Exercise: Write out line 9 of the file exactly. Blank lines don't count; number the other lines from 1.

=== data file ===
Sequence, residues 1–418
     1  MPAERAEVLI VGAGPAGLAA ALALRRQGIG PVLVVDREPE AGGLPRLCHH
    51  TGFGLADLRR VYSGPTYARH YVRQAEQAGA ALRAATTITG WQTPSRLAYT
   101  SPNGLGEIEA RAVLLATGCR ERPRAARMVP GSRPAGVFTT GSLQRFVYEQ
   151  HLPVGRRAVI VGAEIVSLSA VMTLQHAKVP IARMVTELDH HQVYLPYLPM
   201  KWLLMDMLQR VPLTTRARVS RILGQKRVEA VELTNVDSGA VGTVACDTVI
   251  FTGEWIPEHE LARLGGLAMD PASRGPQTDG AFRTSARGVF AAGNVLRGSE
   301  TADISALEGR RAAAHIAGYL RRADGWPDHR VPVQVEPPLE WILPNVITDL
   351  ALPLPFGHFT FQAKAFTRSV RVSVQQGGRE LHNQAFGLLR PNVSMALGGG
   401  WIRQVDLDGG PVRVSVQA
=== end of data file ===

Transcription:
   351  ALPLPFGHFT FQAKAFTRSV RVSVQQGGRE LHNQAFGLLR PNVSMALGGG